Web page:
Fort Wayne can only improve the sewer system as fast as we can pay for the improvements. Money for the improvements comes from residents of Fort Wayne who use the sewer system. It is essential that the community balances the need to invest in infrastructure with the need to keep sewer rates affordable. If sewer rates are too high, residents and businesses may consider moving out of Fort Wayne.

The federal government in Washington does not offer Cities any funding to help improve sewer systems. Very small federal grants are sometime available for specific projects, but those won't come near the amount needed to fix sewers. Local tax dollars are needed for many other city services such as maintaining streets, providing parks, and paying for police and fire departments to keep us safe.

Did you know that all of the money that governments have to operate and provide services comes from citizens? Government can only provide money to fix things if the government collects the money from people who pay taxes and pay for the services they receive from the government.

Yes! You can have a big impact on the quality of rainwater runoff that flows from your house and yard into our rivers. When it rains, rainwater runs over the lawn and over hard surfaces and picks up whatever it comes into contact with. This rainwater runoff may go into a storm sewer pipe, but it eventually enters a ditch, stream, pond and our rivers without getting any sort of treatment. Therefore, stormwater runoff may carry with it the empty pop bottle you threw out the car window or bacteria from the dog waste left on your lawn. It can pick up and carry the chemicals in the fertilizer you spread or the insecticide you use around the foundation of your house. Although you may have just one house, think of the pollutants that might come from 10 homes, or 100 or 1,000. Every drop of water matters.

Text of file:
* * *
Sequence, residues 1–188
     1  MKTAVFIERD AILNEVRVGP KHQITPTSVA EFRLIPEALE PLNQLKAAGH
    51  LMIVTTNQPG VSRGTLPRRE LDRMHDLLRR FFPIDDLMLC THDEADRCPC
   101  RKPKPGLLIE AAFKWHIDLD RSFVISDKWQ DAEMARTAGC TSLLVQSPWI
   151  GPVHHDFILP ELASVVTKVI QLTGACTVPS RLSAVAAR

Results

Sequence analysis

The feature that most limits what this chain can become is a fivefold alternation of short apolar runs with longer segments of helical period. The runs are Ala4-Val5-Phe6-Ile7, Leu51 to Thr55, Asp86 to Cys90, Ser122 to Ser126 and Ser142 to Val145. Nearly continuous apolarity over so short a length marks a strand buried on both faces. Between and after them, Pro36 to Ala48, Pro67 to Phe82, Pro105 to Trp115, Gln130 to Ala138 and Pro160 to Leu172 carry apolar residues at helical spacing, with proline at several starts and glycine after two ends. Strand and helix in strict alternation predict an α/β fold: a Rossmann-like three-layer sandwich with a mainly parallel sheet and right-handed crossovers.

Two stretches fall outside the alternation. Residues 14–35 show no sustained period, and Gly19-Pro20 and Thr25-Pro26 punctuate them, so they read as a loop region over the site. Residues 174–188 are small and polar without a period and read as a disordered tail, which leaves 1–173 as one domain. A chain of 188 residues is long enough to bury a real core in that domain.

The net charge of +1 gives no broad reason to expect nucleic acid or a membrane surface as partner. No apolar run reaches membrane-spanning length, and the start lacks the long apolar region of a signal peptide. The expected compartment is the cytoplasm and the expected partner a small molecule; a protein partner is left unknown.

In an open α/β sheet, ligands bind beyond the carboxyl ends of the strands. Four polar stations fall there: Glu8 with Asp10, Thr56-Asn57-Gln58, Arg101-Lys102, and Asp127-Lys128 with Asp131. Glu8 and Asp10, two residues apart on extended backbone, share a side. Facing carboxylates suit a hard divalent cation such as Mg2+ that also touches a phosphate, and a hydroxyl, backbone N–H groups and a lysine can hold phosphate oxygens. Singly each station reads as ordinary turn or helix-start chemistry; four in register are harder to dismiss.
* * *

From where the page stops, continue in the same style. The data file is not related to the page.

The canal was located where the current Nickel Plate Railroad elevation is, just south of Superior Street (originally known as Water Street). The canal route was sold in 1881 and the at-grade Nickel Plate railroad line was then built on the land. In the early 1950s the tracks were raised in this same location after a long campaign to "Elevate The Nickel Plate."